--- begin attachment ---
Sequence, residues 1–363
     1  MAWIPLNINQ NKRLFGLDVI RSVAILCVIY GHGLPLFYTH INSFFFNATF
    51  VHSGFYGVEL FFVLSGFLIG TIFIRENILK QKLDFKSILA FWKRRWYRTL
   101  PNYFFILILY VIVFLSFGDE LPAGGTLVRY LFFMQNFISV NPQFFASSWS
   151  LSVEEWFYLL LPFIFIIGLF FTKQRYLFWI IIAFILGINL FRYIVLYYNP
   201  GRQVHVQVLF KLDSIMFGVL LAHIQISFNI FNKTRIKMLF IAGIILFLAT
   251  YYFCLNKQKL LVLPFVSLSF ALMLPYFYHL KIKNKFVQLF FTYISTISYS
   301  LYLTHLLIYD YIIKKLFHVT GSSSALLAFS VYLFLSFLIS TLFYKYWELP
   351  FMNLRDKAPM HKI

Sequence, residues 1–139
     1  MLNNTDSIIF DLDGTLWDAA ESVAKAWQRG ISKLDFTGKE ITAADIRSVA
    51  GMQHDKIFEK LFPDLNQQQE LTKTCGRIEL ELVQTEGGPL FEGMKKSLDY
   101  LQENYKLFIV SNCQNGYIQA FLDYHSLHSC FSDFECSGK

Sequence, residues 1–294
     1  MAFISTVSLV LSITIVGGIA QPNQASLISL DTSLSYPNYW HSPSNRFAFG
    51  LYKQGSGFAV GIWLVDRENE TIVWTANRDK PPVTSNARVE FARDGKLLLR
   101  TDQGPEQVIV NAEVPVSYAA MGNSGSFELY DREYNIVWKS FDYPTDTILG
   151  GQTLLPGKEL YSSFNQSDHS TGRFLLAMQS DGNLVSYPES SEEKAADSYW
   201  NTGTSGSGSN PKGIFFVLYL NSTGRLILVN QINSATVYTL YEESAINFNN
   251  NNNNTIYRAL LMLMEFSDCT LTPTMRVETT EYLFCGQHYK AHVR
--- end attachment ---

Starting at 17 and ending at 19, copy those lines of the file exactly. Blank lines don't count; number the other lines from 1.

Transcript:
   101  TDQGPEQVIV NAEVPVSYAA MGNSGSFELY DREYNIVWKS FDYPTDTILG
   151  GQTLLPGKEL YSSFNQSDHS TGRFLLAMQS DGNLVSYPES SEEKAADSYW
   201  NTGTSGSGSN PKGIFFVLYL NSTGRLILVN QINSATVYTL YEESAINFNN